Limited quantity pressed on opaque yellow gold color vinyl

Helen Money’s Become Zero continues cellist Alison Chesley’s exploration of emotive and intense music. Written after the death of both of her parents, Become Zero amplifies Chesley’s musical ferocity with palpable sadness and striking beauty. Using her extensively manipulated cello, Chesley joins forces once more with drummer Jason Roeder (Sleep, Neurosis), Rachel Grimes (Rachel’s) and collaborator and co-producer Will Thomas (who provides sound effects and samples) on an album that is incredibly personal and visceral.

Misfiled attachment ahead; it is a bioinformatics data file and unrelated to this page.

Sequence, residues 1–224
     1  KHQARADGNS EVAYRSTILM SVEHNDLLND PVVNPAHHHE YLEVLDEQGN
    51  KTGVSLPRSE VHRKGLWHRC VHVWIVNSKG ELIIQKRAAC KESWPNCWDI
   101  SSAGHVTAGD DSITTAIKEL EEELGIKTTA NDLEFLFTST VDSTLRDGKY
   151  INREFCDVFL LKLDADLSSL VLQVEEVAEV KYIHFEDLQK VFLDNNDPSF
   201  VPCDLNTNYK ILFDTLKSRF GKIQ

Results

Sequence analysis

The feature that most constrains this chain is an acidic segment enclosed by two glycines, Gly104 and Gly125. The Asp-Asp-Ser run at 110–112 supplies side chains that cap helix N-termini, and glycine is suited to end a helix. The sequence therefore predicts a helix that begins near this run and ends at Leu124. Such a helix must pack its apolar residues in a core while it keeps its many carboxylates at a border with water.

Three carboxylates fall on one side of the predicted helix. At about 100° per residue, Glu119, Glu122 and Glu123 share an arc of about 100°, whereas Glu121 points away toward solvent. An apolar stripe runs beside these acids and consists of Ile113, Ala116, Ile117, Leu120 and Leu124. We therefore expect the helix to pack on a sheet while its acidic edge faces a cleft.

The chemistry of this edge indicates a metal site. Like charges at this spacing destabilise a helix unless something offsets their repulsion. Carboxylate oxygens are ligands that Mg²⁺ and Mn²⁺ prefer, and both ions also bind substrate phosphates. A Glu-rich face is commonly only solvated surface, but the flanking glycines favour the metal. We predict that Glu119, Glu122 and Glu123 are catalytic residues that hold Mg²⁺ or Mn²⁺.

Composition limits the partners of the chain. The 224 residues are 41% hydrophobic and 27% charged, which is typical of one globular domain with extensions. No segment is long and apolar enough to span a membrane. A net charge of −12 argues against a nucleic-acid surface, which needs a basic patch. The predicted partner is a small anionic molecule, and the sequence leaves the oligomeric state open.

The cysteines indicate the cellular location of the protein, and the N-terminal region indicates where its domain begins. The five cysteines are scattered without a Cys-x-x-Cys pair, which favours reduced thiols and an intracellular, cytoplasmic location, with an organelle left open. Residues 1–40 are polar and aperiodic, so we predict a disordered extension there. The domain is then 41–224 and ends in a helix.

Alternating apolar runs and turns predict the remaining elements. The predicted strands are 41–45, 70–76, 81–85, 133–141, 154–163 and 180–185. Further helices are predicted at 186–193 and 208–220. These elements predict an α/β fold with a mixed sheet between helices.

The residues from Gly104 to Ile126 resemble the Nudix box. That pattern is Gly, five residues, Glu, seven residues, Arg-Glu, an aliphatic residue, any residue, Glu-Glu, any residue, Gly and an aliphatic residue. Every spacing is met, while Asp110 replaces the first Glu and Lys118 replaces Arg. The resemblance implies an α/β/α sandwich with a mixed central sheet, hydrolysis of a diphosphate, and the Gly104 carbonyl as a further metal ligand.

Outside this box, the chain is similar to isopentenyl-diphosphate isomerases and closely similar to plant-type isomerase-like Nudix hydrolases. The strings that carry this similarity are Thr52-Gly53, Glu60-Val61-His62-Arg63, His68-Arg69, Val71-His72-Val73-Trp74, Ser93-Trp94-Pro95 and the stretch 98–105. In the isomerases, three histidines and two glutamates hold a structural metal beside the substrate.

Through her music, Chesley takes us on a journey as she grapples with the concepts and the emotions of life’s end: loss, isolation, sorrow, peace and resolution. “Vanished Star” imagines a place where this life and what lies beyond it intersect in an eerie waltz between the piano and cello. “Facing the Sun,” takes its title from the loosely-translated name of the Tataviam Indians, who lived in the San Fernando Valley where Chesley grew up. “It also refers to my father who loved the Valley and loved sitting outside and feeling the sun on his skin,” Chesley says. “Radiate” begins in a place of struggle and hardship which is eventually transcended. The song starts with a dissonant, distorted chord on the cello and builds to a place where it fights with itself before finally falling apart. “To end the piece I wanted it to sound like it was dissolving into space – another reference to my father, who worked on the Apollo and Space Shuttle programs,” says Chesley. “Will and I even managed to replicate the sound of a satellite pinging at the end. The ending feels very peaceful to me. Resolved.”